After investing serious time and effort into your marketing campaign, landing pages, and sales funnel, the last thing you want to discover is people have been clicking on your adverts repeatedly without ever intending to make a purchase.
Pay-Per-Click (PPC) advertisers worldwide lose $5.8 billion each year to Click Fraud; this activity can not only impact the effectiveness of your online adverts but will chew through your search advertising budget at a rate of knots.
Every time someone chooses to click on one of your PPC ads, whether, on Google or another platform, you are charged a small fee. If you have created compelling, targeted ads paying this fee will be worth it because many of those clicks will turn into sales, subscribers or whatever your goal is.
However, people (or bots) may be defrauding you by clicking on your advert with no intention to buy anything or engage in any activities on your site, only looking to cost you money.
This malicious behaviour is known as Click Fraud, and if it happens to your business, those small fees quickly add up to a sizable expense.
On Google's mobile ad platform, the average conversion rate is 3.48 per cent; therefore, you should reasonably anticipate having three genuine customer interactions for every ten hits.
If you are confident in the quality and appropriateness of your PPC ads and keywords for your target audience and are getting high click volumes but negligible conversions, you could be a victim of "click fraud".
Left unmanaged Click Fraud can quickly eat up your daily ad budget and stop your ads from reaching your legitimate target audience.
Search engines are taking the issue of click fraud more seriously and have implemented methods to counteract it. However, click fraud is tough to detect, so it is still possible that people are clicking your advertising and draining your ad revenue.
The world of online advertising can be cutthroat; with so many businesses vying for the top of search results, some unscrupulous operators may resort to click fraud to knock out their competition.
Their motives are simple; they want to ensure you are losing money on adverts that have no chance of converting, and secondly, they want to use up your daily ad spend early and quickly, so there is less competition when they run their ads later in the day.
The knock-on effect of these low-quality clicks can lower your ad score, meaning your ad gets displayed less often, and your Cost-Per-Click (CPC) goes up.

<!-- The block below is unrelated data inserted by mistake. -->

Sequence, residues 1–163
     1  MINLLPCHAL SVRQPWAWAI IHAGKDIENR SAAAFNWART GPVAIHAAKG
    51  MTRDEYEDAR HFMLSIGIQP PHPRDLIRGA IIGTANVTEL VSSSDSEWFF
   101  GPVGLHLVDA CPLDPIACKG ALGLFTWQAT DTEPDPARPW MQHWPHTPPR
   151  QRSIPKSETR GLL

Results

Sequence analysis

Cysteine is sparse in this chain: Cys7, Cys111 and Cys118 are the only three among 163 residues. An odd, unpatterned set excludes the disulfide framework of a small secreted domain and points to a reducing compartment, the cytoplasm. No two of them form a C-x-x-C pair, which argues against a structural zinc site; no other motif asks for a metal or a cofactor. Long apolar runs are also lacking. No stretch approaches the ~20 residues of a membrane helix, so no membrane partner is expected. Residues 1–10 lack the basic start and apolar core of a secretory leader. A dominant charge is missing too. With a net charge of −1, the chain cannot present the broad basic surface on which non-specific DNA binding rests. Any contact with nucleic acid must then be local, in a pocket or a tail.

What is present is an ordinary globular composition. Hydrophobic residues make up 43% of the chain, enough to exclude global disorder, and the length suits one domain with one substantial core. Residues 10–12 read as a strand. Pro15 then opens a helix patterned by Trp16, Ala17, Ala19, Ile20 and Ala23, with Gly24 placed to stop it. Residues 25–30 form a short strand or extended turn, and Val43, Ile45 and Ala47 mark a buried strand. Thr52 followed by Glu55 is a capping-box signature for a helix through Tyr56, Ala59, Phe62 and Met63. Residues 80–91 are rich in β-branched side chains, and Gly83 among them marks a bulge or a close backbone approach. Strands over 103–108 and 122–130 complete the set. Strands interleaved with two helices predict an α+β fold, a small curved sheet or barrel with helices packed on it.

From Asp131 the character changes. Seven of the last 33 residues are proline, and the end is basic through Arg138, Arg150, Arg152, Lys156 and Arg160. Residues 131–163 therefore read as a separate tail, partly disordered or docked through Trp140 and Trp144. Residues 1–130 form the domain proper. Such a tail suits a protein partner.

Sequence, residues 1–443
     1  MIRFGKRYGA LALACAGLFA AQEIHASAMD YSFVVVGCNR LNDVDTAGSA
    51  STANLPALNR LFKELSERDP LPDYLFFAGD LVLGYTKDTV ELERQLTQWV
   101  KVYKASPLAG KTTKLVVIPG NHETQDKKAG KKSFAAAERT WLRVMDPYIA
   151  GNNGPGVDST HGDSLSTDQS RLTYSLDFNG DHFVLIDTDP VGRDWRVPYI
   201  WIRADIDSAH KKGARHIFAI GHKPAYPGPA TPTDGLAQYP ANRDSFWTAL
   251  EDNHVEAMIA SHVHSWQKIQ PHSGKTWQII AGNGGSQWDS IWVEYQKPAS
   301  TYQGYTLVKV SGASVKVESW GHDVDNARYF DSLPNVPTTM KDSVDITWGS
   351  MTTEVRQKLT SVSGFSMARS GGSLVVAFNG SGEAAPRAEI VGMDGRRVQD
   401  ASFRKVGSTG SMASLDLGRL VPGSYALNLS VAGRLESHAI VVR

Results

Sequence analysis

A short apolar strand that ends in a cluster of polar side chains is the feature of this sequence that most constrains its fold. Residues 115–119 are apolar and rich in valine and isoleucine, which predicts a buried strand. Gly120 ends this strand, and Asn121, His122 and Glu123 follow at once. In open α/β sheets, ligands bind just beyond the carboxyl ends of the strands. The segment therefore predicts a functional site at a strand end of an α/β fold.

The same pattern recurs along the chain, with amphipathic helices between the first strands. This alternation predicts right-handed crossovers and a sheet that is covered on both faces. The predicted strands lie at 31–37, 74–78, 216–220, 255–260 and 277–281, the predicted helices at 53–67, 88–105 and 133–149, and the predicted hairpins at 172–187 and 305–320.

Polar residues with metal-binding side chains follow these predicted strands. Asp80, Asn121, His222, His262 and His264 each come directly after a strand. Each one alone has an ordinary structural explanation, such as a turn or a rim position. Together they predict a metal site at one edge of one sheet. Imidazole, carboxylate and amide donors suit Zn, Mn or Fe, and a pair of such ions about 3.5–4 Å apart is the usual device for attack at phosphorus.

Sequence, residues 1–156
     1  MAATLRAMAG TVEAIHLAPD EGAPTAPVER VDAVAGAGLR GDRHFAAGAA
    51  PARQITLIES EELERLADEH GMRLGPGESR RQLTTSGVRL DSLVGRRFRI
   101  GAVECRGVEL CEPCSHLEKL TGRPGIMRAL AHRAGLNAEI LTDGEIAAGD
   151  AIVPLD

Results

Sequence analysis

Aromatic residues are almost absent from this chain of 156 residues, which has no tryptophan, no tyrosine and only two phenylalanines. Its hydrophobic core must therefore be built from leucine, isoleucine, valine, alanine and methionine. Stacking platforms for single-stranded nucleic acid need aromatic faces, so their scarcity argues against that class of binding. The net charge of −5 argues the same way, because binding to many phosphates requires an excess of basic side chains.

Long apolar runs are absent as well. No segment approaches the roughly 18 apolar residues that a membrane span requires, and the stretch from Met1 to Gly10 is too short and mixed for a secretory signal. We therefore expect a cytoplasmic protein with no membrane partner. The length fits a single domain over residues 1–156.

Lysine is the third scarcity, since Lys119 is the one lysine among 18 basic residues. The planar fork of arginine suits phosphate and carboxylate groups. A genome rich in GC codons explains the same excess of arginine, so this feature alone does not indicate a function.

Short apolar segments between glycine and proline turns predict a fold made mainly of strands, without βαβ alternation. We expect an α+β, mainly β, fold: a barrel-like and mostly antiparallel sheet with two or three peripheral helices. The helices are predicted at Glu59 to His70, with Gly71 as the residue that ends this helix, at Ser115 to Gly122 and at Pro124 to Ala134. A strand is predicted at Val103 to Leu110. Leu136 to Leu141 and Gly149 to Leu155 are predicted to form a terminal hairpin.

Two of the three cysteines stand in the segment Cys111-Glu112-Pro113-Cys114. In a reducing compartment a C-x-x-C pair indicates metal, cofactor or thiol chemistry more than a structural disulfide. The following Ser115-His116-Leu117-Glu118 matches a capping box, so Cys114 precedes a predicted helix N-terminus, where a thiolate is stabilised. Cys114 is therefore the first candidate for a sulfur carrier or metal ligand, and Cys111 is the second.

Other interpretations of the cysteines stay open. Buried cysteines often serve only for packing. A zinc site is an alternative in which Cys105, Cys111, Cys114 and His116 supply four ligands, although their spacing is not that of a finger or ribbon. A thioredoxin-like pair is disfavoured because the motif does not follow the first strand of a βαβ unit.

Whereas competitors benefit from click fraud hurting your bottom line, the flipside of the coin are nefarious publishers who seek to help their bottom line by clicking your ad.
As long as you're running display ads (ads that show up on other third-party websites) on their site, the publisher gets a share of what you pay Google for each click.
Publishers make more money when more people click on the ads on their site. If this isn't happening organically, the publisher may try to bump up the numbers themselves.
Not every website is entirely trustworthy, and there have been several high-profile cases of ad fraud in recent years.
Data interpretation is a critical component of PPC success. Your PPC campaign can be improved by analysing the data search advertising platforms made available in your dashboard to determine whether your website is being affected by click fraud.
Ad fraud can be detected by looking at what happens after a user clicks on your ad and where those clicks originate.
To get started, gather the following information:
This information will assist you to detect high amounts of clicks that may be coming from the same person without ever resulting in any kind of activity.
If you spot a single IP address with many clicks but no action time stamp, this should raise suspicion. A website like whatismyip.com can be used to find out where the click is coming from.
While sophisticated click fraudsters have developed ways of masking essential information, monitoring these data points can provide you with a sign of whether or not you are being specifically targeted.
If you have any doubts, you should submit a request to Google to investigate it further. The more familiar you become with PPC advertising, the easier it will be to notice when something isn't quite right with your stats and warrants digging a little deeper.
You have several advertising options, but you've settled on PPC because of the potential return on investment it provides. The problem is, if you're a victim of click fraud, you won't be getting your money's worth, and your competitors stand to gain financially as a result.